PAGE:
Ask anyone who calls themselves a biker and they will tell you, riding is much more than just a passion for them. For several, it is a way of life and this immense interest has led to the formation of thousands of biking clubs all across the world. In fact, globally, bikers spend an average of $2,000 annually on biking activities. And this does not include the cost of the bike.
So when Hyderabad-based Srinivas Adimulam came across a few such bikers in his city, their passion for this activity made him realise that he was staring at a huge business potential. People he came across spent a significant portion of their salaries on biking-related activities.
âThese bikers are also very socially active. Itâs sort of a brotherhood. They do events, buy lots of gear, and merchandise. But what I realised was that there is a need for all these people to connect. Say you are riding to Leh-Ladakh, you need information on fuel, places to eat, stay and any other information. There is a need for collaboration between bikers and between clubs,â Srinivas says.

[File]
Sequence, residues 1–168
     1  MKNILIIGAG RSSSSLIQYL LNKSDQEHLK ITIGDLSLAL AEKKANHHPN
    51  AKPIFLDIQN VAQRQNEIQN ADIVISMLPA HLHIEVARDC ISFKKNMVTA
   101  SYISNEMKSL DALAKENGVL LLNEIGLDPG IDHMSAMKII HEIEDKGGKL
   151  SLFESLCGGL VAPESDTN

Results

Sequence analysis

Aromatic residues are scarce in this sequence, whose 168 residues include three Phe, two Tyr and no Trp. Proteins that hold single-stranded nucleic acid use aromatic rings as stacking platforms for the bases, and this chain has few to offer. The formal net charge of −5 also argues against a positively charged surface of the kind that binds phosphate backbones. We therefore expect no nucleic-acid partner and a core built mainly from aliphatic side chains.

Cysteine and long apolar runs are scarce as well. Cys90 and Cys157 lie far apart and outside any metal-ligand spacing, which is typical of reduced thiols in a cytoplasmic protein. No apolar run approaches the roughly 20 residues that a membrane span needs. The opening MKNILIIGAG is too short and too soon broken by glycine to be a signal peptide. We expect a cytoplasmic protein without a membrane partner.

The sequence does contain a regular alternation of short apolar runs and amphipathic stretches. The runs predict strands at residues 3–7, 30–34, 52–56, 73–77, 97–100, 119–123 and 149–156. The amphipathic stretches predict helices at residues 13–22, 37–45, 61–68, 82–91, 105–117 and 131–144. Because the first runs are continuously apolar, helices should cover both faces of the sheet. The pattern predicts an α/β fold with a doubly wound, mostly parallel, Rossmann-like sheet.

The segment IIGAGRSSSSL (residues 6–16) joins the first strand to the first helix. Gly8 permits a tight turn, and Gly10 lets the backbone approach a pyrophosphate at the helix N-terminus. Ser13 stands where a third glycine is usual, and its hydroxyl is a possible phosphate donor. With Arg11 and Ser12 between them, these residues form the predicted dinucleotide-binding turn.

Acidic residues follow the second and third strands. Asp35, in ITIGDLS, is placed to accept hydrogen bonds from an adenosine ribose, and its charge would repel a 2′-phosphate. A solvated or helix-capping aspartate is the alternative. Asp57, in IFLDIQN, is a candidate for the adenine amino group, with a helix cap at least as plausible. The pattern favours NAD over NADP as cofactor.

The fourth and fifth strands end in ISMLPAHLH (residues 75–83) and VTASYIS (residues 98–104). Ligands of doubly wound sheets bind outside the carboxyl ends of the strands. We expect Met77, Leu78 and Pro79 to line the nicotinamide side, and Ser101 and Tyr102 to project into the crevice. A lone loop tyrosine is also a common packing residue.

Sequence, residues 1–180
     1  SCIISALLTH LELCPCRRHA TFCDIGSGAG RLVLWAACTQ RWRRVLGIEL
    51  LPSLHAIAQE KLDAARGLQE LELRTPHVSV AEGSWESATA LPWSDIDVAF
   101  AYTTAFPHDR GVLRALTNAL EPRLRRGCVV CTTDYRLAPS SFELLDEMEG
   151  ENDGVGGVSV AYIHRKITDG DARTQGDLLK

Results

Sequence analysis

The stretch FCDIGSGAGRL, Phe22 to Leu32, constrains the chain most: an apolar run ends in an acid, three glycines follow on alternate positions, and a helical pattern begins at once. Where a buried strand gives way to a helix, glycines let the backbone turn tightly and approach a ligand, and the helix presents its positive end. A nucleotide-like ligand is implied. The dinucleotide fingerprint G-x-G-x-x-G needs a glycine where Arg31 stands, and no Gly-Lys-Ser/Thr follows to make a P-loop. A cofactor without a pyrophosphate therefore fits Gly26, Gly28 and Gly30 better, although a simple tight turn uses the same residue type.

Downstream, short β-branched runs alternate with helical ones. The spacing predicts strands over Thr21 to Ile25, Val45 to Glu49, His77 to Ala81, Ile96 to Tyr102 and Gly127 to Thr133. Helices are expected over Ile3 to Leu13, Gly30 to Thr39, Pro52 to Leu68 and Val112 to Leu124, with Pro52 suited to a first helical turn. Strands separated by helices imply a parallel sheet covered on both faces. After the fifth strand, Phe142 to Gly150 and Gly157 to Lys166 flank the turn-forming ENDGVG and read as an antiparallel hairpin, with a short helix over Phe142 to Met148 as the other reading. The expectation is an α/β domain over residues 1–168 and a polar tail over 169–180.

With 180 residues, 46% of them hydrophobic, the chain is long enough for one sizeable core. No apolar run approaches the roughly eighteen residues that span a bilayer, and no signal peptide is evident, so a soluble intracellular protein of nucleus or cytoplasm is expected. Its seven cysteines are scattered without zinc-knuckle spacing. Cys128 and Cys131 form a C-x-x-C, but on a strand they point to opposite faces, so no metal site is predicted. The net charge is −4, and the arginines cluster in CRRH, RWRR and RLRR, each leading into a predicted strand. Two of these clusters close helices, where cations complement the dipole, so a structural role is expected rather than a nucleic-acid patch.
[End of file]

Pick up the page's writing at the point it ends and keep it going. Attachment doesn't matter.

Identifying this, Srinivas, along with Mangesh Deshpande, Kapil Sangal and Ankit Gandhi, built a social marketplace âThrottleâ for bikers covering a 360-degree view of a biker. It is like a combination of a Facebook, LinkedIn, Flipkart and a news app in one place.
âEvery biker has a profile, they post their stories, network with clubs, learn about what is happening in the biking industry and network with other bikers,â Srinivas adds.
Throttle has several aspects to it. On the social side of it, every biker maintains a profile where he posts his experiences, connects with clubs, networks with other bikers and shares experiences, helps those who need any support.
Throttle also generates a lot of content for bikers, be it news about the biking industry, featuring bikers who have achieved something, and much more.
Besides, Throttle runs several campaigns around social causes to connect with and engage bikers. A lot of focus here is on safety, Srinivas says. Most recently it introduced an SOS option, where the biker can press SOS and bikers in the area are alerted to go help in emergency situations.